A rare opportunity to see the RAF Squadronaires in concert. The event is a tribute to bandleader Ronnie Aldrich, an old Harveian, and is a fund-raiser for the OHA. Funds will be used to support projects for the benefit of the school. Tickets are selling well. Contact John Oliver tel: 01303 251403 or e-mail email@example.com
Saturday 7th December – 7.00 pm for 7.30 pm at the School
Guest Speaker: Bill Wright
After 32 years at the Harvey, Bill will be retiring at Christmas, and will speak at the Dinner to reminisce and reflect on his time at the School.
Join your friends, contemporaries and other Old Harveians at this year’s Dinner. The School will be open from 6.30 pm for you to explore. Dine in comfort, and socialise before and after the meal. There will be a well-stocked bar with a good selection of wines to complement your meal.
We are anticipating another really good turn-out, so be sure of a place by ordering your ticket(s) right away
We hope for a particularly good attendance from those who joined the School 50 years ago in 1963 and 25 years ago in 1988
Home-made Leek & Potato Soup with French Bread
* * *
Roast Kentish Turkey with all the trimmings (Option 1)
served with a selection of vegetables
Parmesan & Stilton Roulade (Option 2)
* * *
Christmas Pudding & Brandy Sauce (Option 3)
Profiteroles (Option 4)
Selection of Old Harveians Cheese & Biscuits (Option 5)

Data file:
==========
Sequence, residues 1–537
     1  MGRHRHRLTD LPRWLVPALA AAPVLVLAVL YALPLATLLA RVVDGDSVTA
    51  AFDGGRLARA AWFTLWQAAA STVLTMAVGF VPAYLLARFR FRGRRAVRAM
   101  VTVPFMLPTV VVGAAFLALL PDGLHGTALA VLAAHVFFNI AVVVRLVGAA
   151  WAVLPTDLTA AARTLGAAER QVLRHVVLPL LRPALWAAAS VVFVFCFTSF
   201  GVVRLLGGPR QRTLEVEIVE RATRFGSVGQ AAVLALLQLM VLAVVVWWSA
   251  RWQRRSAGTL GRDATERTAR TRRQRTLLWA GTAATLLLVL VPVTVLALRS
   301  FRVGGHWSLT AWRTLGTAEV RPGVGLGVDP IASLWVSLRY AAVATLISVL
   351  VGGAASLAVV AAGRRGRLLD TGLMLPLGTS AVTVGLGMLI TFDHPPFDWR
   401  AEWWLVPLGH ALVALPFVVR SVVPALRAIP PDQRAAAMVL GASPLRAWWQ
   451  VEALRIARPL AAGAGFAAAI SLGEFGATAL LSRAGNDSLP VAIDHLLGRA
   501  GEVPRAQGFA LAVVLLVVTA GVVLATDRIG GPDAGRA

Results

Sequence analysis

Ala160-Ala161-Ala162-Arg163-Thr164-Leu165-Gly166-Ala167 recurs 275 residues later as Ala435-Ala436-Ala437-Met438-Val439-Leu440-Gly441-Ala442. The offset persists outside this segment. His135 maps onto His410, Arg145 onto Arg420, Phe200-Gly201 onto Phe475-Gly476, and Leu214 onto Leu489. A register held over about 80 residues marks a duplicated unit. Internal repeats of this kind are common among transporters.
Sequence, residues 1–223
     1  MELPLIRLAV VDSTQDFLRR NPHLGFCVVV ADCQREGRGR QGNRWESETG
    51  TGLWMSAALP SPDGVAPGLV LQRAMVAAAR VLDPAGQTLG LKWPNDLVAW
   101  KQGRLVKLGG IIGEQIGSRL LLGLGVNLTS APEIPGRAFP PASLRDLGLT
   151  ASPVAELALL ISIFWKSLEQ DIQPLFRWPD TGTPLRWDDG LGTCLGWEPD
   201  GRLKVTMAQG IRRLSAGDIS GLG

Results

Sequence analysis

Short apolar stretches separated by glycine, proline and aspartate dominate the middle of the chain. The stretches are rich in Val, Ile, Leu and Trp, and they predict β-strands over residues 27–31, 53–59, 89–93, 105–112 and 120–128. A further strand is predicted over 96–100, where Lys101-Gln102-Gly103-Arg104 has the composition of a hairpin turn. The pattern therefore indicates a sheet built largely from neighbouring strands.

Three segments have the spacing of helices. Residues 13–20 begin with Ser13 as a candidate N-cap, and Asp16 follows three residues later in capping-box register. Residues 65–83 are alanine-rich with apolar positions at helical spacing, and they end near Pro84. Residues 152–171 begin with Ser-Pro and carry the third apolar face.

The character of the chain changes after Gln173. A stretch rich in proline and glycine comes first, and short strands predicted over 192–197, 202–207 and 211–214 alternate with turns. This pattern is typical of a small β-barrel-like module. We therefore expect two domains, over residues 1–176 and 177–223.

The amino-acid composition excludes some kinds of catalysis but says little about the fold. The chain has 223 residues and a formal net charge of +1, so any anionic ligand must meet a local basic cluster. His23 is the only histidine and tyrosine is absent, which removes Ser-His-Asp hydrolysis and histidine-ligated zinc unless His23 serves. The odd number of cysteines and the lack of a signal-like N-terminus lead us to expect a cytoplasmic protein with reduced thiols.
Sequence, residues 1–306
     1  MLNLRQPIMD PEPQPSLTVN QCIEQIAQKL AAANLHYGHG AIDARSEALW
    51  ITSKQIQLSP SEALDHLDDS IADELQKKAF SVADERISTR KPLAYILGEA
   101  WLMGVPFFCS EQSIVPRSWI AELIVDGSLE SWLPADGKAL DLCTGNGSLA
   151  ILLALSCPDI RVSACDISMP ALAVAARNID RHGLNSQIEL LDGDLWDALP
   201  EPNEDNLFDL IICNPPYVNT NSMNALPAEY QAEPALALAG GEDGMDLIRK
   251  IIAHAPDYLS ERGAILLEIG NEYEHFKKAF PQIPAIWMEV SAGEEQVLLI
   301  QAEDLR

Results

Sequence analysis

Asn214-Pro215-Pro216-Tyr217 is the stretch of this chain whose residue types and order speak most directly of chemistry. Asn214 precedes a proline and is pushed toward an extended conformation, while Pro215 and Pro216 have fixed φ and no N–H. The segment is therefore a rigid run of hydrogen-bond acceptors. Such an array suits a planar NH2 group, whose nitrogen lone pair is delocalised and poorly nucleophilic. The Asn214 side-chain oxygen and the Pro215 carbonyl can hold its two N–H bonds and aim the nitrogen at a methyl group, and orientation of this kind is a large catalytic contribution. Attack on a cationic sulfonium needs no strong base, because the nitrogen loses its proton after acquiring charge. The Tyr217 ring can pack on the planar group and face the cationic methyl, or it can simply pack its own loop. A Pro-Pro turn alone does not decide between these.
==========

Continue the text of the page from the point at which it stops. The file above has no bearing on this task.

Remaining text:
* * *
Coffee and Mints
THURSDAY 28th MARCH
All those who attended the Annual Prizegiving at the Leas Cliff Hall could be in no doubt that the Harvey is in excellent shape. An event that is never less than highly impressive was, even by its own high standards, a wonderful snapshot of remarkable achievements by the current generation of Harveians.
John Dennis’s tenure as Chairman of Governors has been characterised by a real feel for what the Harvey stands for, what it represents in the community, and what it means to those who have worked and learnt there. As usual, he presided over Prizegiving with considerable skill.
Bill Wright’s swansong report of the School’s activities painted a comprehensive picture of individual and collective achievement – record exam results, sporting success, trips and tours… and so on. A truly amazing year for the School.
The warmth of the occasion was emphasised when the guest speaker, Reverend Anthony Buckley, spoke in such positive terms about the Harvey. As a former parents and Vice-Chairman of Governors, he knows the School well. It was typical of him to highlight the importance of valuing every pupil as a special individual – one of the Harvey’s unique qualities.